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Sector rotation is a theory of stock market trading patterns.[1]

In this context, a sector is understood to mean a group of stocks representing companies in similar lines of business. The basic premise is that these stocks can be expected to perform similarly. Additionally, different groups of stocks which have been clustered according to the aforementioned principle will show differing performance.

Sector rotation theory says a number of things. First, whichever sector is hot (has done well recently) should continue to outperform. Second, these sectors will eventually rotate so that whatever was once out of favor will be in favor. Third, these movements are somewhat predictable, and connected with the business cycle.

With the phase-shift in the performance cycle of sectors (ideally like the phase-shifted wave patterns of three-phase electric power) an investor could continually hop from a sector at the peak of performance to a sector showing a potential to rise.

A sector rotation investment strategy is not a passive investment strategy like indexing, and requires periodic review and adjustment of sector holdings. Tactical asset allocation and sector rotation strategies require patience and discipline, but have the potential to outperform passive indexing investment strategies.


An investor or trader may describe the current market movements as favoring basic material stocks over semiconductor stocks by calling the environment a sector rotation from semiconductors to basic materials.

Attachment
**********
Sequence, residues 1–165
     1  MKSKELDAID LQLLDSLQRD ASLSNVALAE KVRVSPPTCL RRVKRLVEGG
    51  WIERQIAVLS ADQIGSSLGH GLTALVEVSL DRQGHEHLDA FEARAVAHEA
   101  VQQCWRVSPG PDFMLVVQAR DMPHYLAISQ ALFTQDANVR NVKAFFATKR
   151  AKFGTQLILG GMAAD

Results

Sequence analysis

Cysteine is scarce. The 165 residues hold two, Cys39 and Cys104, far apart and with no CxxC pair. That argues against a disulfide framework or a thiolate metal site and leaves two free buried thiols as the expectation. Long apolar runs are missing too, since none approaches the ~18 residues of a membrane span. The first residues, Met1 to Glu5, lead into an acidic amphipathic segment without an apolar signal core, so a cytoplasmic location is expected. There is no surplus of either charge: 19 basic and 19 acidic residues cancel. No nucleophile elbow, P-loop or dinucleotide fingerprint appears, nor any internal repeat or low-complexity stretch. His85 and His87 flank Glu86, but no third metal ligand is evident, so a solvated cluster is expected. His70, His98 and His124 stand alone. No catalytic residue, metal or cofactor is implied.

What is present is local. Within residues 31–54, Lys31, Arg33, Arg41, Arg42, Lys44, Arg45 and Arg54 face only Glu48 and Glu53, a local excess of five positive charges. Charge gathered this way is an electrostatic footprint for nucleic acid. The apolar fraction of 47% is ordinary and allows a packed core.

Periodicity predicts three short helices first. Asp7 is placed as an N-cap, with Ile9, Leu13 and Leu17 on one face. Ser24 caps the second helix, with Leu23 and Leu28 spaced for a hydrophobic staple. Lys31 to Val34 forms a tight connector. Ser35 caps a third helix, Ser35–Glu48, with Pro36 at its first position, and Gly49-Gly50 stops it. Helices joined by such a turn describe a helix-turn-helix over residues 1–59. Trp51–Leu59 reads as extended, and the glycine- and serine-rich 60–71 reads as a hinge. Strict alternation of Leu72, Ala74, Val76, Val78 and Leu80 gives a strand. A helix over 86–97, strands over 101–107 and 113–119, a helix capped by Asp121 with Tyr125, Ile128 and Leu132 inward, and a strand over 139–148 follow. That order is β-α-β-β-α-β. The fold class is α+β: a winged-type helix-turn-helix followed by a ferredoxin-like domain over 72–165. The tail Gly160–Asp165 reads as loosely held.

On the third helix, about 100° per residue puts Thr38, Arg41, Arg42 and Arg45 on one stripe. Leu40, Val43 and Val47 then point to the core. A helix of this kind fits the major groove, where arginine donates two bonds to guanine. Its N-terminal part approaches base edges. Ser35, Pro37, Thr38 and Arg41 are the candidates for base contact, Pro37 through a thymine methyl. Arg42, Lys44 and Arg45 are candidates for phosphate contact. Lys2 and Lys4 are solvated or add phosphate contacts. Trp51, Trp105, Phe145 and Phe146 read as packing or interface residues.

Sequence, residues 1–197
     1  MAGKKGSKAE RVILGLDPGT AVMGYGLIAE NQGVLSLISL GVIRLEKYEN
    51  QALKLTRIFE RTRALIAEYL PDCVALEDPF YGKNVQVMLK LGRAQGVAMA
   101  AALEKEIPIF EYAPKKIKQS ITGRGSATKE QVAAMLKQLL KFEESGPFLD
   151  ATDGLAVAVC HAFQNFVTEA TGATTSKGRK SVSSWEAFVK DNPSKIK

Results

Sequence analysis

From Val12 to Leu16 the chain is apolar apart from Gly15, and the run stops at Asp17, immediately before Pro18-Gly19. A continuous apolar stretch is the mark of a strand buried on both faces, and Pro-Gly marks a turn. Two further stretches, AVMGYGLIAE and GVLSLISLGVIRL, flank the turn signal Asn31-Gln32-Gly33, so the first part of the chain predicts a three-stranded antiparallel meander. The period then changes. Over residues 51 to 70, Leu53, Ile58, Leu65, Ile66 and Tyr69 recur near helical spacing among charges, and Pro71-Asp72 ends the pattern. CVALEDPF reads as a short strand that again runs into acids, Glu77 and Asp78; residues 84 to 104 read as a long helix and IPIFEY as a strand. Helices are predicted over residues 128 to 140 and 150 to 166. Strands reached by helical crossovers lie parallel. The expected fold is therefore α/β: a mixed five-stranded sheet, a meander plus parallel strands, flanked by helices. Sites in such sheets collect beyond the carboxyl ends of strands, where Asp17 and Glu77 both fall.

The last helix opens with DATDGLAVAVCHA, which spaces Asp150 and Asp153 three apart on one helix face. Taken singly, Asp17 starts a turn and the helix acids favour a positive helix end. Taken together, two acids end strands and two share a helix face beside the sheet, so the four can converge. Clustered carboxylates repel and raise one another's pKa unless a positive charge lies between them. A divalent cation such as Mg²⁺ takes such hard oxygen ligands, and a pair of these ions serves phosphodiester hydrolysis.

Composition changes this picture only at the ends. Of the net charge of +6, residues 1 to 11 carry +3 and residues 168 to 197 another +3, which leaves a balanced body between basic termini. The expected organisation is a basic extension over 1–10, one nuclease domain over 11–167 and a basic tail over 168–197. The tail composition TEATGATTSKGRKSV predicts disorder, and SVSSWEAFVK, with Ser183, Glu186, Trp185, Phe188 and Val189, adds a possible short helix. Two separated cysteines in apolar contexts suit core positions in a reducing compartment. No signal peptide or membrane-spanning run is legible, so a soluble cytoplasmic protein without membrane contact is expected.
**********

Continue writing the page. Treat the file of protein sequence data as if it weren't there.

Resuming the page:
An example of a sector clustering would be:[2]

This includes stocks like consumer cyclicals and financial companies. These would do well when the market is at its bottom.
This includes stocks like technology and telecommunication. These should outperform the overall market in the main part of a bull market.
This includes stocks like energy companies. These would perform well when the market is at its top.
This includes consumer staples. These should perform least badly in a bear market.

Note that the performances mentioned are always relative to the overall market. During a bear market it is expected that all stocks will go down some.

Connection with other markets

The primary driver of sector rotation is the variability of currency values (inflationary, disinflationary, or deflationary) and interest rates. As the economy expands, demand for raw materials creates inflationary pressures, which in turn prompt higher interest rates, which increase the value of the currency, which reduces the competitiveness of a country's exports as the currency causes them to cost more to other countries. This final stage causes the economy to contract, reducing demand for raw materials, which creates deflationary pressures, which in turn prompt lower interest rates, which decrease the value of the currency, which increases the competitiveness of a country's exports—creating a new market cycle. The relative strength of commodities, bonds, currencies, and stocks shift in this changing monetary climate in a somewhat predictable manner.[3]


"The worst house in a good neighborhood is better than the best house in a bad neighborhood."[citation needed]

See also


  1. ^ Sector Rotation Definition Investopedia
  2. ^ Fidelity Learning Center: Sector rotation: An introduction
  3. ^ John Murphy, Intermarket Analysis, pp. 183-184.